The gamiest animal I've ever eaten was a female fawn that I'd unfortunately shot in the belly. She crawled a couple hundred yards before I found her. When I cut open her body cavity to clean her, a foul mix of gut juices and feces spattered all over me. Every time I tried to eat from that deer I smelled that ugly afternoon, and it tasted awful.
But when I prepared the same meat for other people, they thought it tasted great. They hadn't experienced the trauma of the gut shot, and they weren't held hostage to the now barely detectable gamey aroma that brought me back to the scene of the crime. Psychology, physiology, memory and emotion can all combine to influence flavor.
Gaminess, meanwhile, is like pornography: difficult to define, but you know it when you see it (or taste it, in this case). For every wild-game eater there's a different opinion about what it is, where it comes from, and even whether it's a good thing or a bad thing.
For some people, gaminess is simply the smell of the individual animal, a reflection of its species, stage of life, sex and diet. They savor the flavors as a carnivorous version of terroir, the taste of the earth as experienced through meat. Others find the flavor repugnant. Many a proposed venison dinner has received the spousal veto on those grounds.
What's a hunter-chef to do?
First, it's important to understand the distinction between flavors that are intrinsic to the animal, and flavors that result from a poor shot—as in the case of my gamey fawn. For simplicity's sake, let's call the former type of gaminess "natural," and the latter "induced."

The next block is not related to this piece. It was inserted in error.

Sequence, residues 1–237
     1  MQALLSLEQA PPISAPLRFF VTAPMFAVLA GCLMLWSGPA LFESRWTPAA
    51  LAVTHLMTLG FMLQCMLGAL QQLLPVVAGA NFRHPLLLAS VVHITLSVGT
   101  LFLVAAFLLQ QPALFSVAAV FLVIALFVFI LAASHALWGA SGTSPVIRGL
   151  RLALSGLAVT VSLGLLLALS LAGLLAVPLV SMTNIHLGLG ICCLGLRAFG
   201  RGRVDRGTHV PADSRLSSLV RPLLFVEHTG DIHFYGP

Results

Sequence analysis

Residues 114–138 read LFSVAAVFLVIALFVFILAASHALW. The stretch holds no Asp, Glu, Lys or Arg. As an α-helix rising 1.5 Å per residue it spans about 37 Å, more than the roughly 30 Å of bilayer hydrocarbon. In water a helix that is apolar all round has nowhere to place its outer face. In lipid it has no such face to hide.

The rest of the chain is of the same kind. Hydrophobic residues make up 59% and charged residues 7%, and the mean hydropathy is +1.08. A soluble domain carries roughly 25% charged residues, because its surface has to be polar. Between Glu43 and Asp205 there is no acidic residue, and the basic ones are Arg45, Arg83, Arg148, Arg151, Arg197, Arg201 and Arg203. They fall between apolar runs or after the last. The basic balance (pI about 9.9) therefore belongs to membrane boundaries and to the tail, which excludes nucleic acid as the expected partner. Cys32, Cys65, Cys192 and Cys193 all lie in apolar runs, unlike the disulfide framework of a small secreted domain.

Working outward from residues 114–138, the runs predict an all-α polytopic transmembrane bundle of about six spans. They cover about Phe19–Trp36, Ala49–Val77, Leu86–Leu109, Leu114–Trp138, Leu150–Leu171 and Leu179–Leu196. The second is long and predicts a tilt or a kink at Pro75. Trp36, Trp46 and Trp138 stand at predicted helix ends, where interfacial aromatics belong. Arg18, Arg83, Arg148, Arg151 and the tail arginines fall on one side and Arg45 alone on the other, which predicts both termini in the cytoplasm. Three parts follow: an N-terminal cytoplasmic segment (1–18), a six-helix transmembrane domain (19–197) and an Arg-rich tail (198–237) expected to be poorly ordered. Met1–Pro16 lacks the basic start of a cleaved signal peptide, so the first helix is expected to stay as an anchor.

Natural gamey flavors tend to be milder and less potentially off-putting than the induced variety. They can come down to the difference between a mule deer and a whitetail deer, or between a deer that eats highland scrub and one that feeds on an alfalfa field in the valley. Variations in natural flavors also result from the time of year an animal was taken, as well as its age or sex.
Induced flavors due to operator error can be as subtle as a pissed-off dog behind a fence.
If an animal doesn't drop instantly and runs a lot before it dies, it will have lactic acid in its muscles and adrenaline and metabolic waste in its blood. Both things can speed up bacterial growth in the meat, resulting in flavors that only a maggot could love.
To maximize taste (and, it goes without saying, act humanely), you want the animal to die quickly. Make sure not to puncture the guts when you're cleaning the animal. Don't let any hairs fall on the flesh. Cut off the scent glands at the inner sides of the knee joints on the hind legs.
If you're hunting in warm weather, keep ice in your truck to pack into the animal's body cavity, and sew it in. Otherwise the thick parts of the meat, insulated by the hide, will stay warm for hours and potentially breed bacteria.
Bottom line: the longer it takes for the animal to die and get down below 45 degrees, and the less care that goes into cleaning it, the stronger the flavor. If you've killed and cleaned an animal the right way—but think the meat still tastes gamey—a few cooking tricks can conceal it.
One technique, which I learned from a curry goat recipe, is to marinate the meat in lime juice for at least half an hour. Then rinse the juice off. For a more radical fix, leave the meat overnight in a potent marinade or add a sauce to the finished product.
But I'm not a huge fan of concealing flavor. If you've hunted correctly, the animal's natural gaminess should be savored like a piece of fine Camembert cheese.
If the meat is afflicted by a bad case of induced gaminess, on the other hand, you might want to forget about eating it. Sure, you can overpower the funky taste with marinade or a slurry of catsup. But given that the flavor you're covering up could be a stage of rot, do you really want to?
You might be able to clean and cool your animal enough to minimize the traces of adrenaline, fear and bile. You might even be able to fool your guests, the way I did with my fawn. But I couldn't fool myself.